Genocide—People or Numbers?
Two weeks ago I was in Rwanda. Thursday, April 7, was the Memorial Day for Genocide Remembrance, which continues into July. I watched on television as the president of Rwanda and leaders from neighboring countries placed wreaths on the mass graves at the Kigali Genocide Memorial. Later in the afternoon, once the dignitaries had gone home, I visited the memorial site.
In April 1994, just 22 years ago (does not seem that long ago, does it?), years of underlying tension broke loose in uncontrolled violence. Ancestral bloodlines—Hutu or Tutsi—were your “ID Card” to live or die. The Hutus turned on the Tutsis and through the use of machetes, guns, and other means, slaughtered almost 1 million people.
Statistics are just numbers and numbers usually do not have faces on them—smiles, laughter wrinkles, eyes of kindness, or glances of love to a spouse, child or friend. So it is easy to think, “Oh, that is terrible!!” and then move on without pausing. But pause we must.
For a week, the same young man served me in my hotel dining room. He always flashed me an ear-to-ear smile and greeting that told me he meant it when he said, “Good morning! Did you sleep well?” Or the genuine look of disappointment on his face when the chef was taking an extra long time to prepare my meal. He truly cared! He was a kind and considerate young man, who loved people and went beyond the “call of duty” in his work performance.
On Thursday morning as I sat in the hotel dining room, the young man stood beside me as we watched via television the placing of the wreaths at the memorial. I had already learned, in just a few days in the country, that the people of Rwanda no longer refer to their ancestral background when they speak of each other. No longer is there racial identity of Hutu or Tutsi printed on their ID Cards. Now “we are all Rwandans.”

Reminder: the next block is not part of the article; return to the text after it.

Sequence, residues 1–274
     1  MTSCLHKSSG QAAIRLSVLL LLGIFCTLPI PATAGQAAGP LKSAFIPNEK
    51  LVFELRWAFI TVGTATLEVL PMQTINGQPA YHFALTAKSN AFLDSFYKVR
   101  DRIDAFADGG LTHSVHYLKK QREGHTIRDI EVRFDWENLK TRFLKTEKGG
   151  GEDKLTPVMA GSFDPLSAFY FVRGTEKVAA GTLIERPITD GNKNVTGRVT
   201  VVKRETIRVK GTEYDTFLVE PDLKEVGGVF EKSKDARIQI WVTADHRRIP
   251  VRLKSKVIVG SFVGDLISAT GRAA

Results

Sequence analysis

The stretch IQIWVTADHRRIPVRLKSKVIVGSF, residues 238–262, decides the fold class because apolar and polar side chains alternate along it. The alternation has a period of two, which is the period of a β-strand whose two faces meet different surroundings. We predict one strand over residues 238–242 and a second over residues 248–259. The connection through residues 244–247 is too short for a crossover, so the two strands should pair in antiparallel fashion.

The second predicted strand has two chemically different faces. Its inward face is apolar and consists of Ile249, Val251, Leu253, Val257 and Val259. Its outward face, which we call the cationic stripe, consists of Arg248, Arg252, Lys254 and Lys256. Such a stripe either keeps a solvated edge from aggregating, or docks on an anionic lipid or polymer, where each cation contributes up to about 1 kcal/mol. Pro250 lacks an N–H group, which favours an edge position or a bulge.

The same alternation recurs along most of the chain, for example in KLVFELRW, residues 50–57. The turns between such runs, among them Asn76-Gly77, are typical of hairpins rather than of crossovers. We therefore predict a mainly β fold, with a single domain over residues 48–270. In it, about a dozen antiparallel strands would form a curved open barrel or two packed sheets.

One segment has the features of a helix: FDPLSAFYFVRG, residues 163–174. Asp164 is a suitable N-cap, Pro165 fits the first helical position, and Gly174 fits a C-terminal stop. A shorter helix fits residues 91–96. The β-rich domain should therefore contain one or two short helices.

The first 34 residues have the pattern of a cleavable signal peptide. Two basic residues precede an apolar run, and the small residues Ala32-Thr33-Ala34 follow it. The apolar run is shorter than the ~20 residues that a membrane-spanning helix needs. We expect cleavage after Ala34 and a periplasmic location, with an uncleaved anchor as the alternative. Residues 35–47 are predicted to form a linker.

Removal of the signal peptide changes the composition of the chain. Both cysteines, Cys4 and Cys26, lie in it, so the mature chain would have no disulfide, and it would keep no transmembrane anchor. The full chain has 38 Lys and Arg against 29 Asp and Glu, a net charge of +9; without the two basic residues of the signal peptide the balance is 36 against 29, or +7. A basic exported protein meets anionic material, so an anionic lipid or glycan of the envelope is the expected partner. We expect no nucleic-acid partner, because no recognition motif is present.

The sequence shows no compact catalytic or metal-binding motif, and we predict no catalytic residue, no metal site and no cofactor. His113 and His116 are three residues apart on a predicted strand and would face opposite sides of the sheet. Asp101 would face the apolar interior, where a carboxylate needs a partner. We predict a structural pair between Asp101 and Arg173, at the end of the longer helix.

It makes no difference—the color of your skin, the shape of your face or your ancestral roots—we are all one and the same. We belong to the same family. We are Rwandans.
I like that, don’t you? In my own country, the racial rhetoric at times leaves me troubled. It would be good if all could say, “We are all Americans. No matter the color of your skin, the shape of your face, your ancestral roots—we are all one and the same. We belong to the same family.”
This is exactly how God sees it. “For you are all sons of God through faith in Christ Jesus. For as many of you as were baptized into Christ have put on Christ. There is neither Jew nor Greek, there is neither slave nor free, there is neither male nor female; for you are all one in Christ Jesus. And, if you are Christ’s, then you are Abraham’s seed, and heirs according to the promise.” (Galatians 3:26-29)
We are all part of Christ’s family. I like that, don’t you?